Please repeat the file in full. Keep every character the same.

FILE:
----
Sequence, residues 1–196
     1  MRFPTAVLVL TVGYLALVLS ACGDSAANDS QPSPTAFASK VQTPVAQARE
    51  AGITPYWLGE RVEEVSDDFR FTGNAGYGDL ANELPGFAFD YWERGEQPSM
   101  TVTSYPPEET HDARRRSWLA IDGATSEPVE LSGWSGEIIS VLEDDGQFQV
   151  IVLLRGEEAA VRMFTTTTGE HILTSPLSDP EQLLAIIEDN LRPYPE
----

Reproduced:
Sequence, residues 1–196
     1  MRFPTAVLVL TVGYLALVLS ACGDSAANDS QPSPTAFASK VQTPVAQARE
    51  AGITPYWLGE RVEEVSDDFR FTGNAGYGDL ANELPGFAFD YWERGEQPSM
   101  TVTSYPPEET HDARRRSWLA IDGATSEPVE LSGWSGEIIS VLEDDGQFQV
   151  IVLLRGEEAA VRMFTTTTGE HILTSPLSDP EQLLAIIEDN LRPYPE